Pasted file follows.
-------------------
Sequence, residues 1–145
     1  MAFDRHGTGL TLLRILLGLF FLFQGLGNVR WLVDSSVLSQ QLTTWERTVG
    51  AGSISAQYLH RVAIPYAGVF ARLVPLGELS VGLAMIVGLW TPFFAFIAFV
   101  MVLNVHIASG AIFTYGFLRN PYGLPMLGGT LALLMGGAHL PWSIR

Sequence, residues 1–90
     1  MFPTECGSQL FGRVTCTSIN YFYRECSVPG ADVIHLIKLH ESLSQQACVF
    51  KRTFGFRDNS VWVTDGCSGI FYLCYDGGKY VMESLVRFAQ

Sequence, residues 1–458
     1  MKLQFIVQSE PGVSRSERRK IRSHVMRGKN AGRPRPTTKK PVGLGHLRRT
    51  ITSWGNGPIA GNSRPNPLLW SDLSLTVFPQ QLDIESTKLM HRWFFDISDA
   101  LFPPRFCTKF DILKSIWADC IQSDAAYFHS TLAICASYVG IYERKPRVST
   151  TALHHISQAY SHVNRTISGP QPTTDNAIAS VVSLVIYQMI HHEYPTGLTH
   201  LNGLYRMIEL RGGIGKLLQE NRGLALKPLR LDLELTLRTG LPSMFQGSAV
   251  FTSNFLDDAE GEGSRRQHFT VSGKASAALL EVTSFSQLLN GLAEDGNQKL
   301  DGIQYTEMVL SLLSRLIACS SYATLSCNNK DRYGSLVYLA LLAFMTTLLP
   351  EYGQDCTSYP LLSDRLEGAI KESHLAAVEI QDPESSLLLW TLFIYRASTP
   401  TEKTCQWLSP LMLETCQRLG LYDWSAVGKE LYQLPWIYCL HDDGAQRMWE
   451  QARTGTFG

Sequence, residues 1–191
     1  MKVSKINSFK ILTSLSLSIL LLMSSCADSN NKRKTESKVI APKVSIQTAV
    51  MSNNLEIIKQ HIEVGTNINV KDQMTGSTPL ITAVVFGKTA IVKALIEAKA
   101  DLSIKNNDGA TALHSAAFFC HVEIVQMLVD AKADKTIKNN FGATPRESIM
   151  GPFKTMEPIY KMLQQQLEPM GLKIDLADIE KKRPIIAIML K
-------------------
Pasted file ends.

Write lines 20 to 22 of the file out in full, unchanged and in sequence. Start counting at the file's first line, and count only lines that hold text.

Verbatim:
     1  MKVSKINSFK ILTSLSLSIL LLMSSCADSN NKRKTESKVI APKVSIQTAV
    51  MSNNLEIIKQ HIEVGTNINV KDQMTGSTPL ITAVVFGKTA IVKALIEAKA
   101  DLSIKNNDGA TALHSAAFFC HVEIVQMLVD AKADKTIKNN FGATPRESIM